The internet is a decentralized world where hierarchies of value are loosely based around communities, as opposed to organizations and where identities can easily be faked by those who use it. It is, in other words, a nightmare to navigate in terms of who you know, who you trust and whose advice you can take.
Or it could be. It’s not because the human brain, ever adept at imposing its own sense of order upon the chaos has found a way to create a means through which the shortcomings of the internet’s disorganized structure can be overcome. That means is through content.
To be fair, before the internet, any kind of faceless contact has relied upon words to create a good impression. The Victorians, who before we came along were the most prolific letter-writers of all time, had a complex etiquette governing their letter writing that ranged from the matrimonial letter to letters for business, job applications, salaried positions and letters of introduction. As a matter of fact it is hard to find a subject they did not have letter writing guidelines for which shows how important their written communication was to them.
Coming away from the Victorian age content could still be relied upon to make an impression, which is why we got the never-ending stream of junk mail advertising, pamphlets and leaflets coming through our letter boxes, even to this day.
It is on the web though that content took on new value. The early days of the internet when even having a website was something exceptional were marked by the digitization of company brochures. It was a classic scenario of what was good enough to work offline, would work online (for a while at least).
Then SEO Came Along
Left to run its course the trend could have taken us from ‘there’ where we had an ‘official’ type of content designed to impress us with its flair and gravitas to ‘here’ where we use content to assess, evaluate and classify the authenticity, value and trust we want to place on each person we interact with online.
Search Engine Optimisation created an anomaly by encouraging two trends: First the kind of writing that put search engines before human readers and second the creation of reams and reams of content whose single intention was to create the impression of a large, authoritative website and game Google search.
In the cat-and-mouse game that ensued between search engine optimizers and Google the net losers were readers, at least in the beginning. As Google penalty piled upon Google penalty and Matt Cutts, Google’s head of Webspam team grew tired of saying that there was a real need for webmasters to “focus on quality” 2011 snack up on us.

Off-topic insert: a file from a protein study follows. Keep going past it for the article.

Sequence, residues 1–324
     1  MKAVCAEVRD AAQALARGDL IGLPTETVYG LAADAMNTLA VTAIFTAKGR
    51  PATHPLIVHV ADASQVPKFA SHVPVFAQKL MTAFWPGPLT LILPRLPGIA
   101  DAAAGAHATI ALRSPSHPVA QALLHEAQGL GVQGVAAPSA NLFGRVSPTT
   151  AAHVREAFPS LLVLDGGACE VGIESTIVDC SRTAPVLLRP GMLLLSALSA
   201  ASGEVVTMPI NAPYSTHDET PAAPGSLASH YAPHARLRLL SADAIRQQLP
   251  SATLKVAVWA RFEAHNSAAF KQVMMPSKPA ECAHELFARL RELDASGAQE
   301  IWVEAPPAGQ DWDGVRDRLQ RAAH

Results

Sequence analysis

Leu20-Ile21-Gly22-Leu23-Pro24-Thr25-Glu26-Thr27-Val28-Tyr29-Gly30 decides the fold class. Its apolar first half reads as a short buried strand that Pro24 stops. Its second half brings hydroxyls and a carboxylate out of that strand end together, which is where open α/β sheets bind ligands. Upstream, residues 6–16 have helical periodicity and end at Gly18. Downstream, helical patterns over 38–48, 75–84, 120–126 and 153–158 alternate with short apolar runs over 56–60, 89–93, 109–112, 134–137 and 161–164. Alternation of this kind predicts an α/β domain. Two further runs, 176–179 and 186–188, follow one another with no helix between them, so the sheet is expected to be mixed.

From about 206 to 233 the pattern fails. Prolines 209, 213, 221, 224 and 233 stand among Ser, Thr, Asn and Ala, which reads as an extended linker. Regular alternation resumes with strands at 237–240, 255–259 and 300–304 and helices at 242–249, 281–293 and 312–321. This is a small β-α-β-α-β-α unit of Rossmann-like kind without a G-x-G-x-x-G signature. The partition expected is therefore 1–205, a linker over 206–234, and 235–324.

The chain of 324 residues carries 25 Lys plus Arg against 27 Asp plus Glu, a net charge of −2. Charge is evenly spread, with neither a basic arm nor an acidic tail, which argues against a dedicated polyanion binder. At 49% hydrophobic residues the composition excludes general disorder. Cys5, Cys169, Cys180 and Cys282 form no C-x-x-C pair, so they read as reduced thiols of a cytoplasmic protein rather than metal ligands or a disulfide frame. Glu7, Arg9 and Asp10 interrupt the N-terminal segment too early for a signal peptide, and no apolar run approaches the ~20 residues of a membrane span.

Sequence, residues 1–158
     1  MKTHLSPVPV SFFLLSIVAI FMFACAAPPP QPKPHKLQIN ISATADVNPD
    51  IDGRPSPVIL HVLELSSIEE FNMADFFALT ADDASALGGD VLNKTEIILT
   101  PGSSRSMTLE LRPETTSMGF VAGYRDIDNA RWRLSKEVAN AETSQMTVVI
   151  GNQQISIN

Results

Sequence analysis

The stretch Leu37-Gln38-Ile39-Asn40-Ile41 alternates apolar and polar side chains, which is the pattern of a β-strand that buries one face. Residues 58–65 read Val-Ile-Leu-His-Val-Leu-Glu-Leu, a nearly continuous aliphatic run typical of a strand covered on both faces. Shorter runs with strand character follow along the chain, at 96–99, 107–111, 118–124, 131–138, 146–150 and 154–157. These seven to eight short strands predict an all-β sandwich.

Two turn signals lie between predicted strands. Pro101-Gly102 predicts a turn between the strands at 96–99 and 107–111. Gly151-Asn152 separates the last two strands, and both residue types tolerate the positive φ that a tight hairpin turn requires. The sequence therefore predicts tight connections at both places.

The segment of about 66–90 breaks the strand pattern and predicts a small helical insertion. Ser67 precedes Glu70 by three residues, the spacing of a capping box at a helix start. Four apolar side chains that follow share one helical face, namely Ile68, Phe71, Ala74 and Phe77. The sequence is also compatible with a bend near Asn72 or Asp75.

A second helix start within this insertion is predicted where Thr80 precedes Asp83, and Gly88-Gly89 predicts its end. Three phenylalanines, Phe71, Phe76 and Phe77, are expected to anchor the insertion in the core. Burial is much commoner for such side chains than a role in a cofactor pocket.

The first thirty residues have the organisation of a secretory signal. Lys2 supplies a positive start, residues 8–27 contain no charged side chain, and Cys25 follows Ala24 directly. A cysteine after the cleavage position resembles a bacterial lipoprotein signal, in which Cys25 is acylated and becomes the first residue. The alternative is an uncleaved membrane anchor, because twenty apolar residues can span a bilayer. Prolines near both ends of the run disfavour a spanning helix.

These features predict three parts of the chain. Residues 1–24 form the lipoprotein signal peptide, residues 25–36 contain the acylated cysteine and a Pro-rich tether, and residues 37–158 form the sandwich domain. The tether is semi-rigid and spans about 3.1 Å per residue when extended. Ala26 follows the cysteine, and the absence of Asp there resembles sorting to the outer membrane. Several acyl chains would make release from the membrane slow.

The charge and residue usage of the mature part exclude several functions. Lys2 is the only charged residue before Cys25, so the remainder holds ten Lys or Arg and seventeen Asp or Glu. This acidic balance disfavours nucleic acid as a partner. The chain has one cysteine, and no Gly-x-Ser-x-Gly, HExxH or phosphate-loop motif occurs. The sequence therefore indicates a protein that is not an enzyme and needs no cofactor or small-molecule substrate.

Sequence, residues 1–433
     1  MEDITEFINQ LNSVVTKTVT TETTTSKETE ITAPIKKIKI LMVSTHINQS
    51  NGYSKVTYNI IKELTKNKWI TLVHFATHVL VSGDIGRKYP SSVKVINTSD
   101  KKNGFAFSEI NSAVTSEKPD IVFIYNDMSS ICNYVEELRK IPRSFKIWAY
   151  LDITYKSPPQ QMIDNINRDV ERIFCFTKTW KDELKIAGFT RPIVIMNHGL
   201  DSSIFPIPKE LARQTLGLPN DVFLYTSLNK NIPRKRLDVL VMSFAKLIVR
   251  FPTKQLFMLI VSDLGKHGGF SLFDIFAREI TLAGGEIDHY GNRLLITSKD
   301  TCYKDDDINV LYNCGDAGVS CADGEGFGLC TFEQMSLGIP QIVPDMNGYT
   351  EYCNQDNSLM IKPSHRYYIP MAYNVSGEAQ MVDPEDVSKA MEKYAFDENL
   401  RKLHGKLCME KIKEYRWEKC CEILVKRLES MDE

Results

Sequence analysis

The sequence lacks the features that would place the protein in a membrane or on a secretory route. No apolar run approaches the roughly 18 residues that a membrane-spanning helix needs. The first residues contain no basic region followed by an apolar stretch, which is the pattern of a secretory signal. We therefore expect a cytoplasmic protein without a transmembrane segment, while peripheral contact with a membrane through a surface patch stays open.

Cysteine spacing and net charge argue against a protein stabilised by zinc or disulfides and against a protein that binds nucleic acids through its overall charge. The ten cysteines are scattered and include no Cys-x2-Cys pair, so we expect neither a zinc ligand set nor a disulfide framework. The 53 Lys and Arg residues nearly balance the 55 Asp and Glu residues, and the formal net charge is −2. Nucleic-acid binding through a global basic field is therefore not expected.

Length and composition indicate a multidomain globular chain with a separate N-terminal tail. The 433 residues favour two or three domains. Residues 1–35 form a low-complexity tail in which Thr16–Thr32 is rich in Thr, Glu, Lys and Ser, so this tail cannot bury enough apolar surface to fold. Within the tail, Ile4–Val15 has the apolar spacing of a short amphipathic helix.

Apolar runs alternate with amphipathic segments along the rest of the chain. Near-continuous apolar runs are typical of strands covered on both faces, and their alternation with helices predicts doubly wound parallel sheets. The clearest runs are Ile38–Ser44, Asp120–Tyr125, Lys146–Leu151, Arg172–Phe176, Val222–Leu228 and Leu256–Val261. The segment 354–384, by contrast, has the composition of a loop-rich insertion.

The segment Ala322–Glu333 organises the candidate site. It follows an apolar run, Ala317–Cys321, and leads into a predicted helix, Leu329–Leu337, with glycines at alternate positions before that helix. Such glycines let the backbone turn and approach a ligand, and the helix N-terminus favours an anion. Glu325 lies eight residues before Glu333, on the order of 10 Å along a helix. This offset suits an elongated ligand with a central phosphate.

The reason 2011 is critical to content is that this was the year we saw a raft to changes: Google’s Panda and Penguin algorithmic changes and the introduction of G+ suddenly made everyone sit up and focus on quality of content, regardless.
Content is How We Connect
Fast forward to present time. On G+, Twitter and even (gasp) Facebook content is being created, talked about, shared, curated and re-shared. Suddenly the whole world is either blogging, commenting, curating or everything at once.
The reason content has become so crucial in a connected economy is because it is the primary means through which we now assess credibility, bestow trust and vouch for authenticity. Brands that create content day after day find it hard to maintain the mask of the traditional top-down advertising of yore. They slip up, reveal a little of what they are (or more importantly, are not).
People who share content on the web use it to break the ice with strangers, find people they do not yet know who share their interests, discover like-minded individuals who are willing to interact on the subject.
In the connected economy, apparently, content is the new currency that allows us to unlock the value of:
- Originality – Some content creators are truly original. They generously share new ideas, fresh approaches and information they have at their disposal.
- Trust – By seeing what a person shares we begin to form an idea of who they are and what they represent. One could easily argue, of course, that telling who someone really is, is just as difficult offline, after all no one can get into someone else’s head, really. That’s true but with content shared, or generated at least you can see a lot more of what’s inside a person’s head than you could offline.
- Authenticity – Like a 20-question game, content shared, created or curated forms a jigsaw puzzle of sorts that allows us to tell whether a person is indeed who they say they are and believe what they say they believe or are simply ‘hiding’ beneath a public persona.
Like currency becomes valuable only when we can exchange it for goods and services so does content become valuable when it helps us form connections in online communities, exchange ideas and interact with others willing to consider the content being shared.
So, whether you are in the habit of producing your own content, curate others or simply comment and reshare, you are now part of the equation that generates real value in our online world. This gives you real power.
Use it responsibly.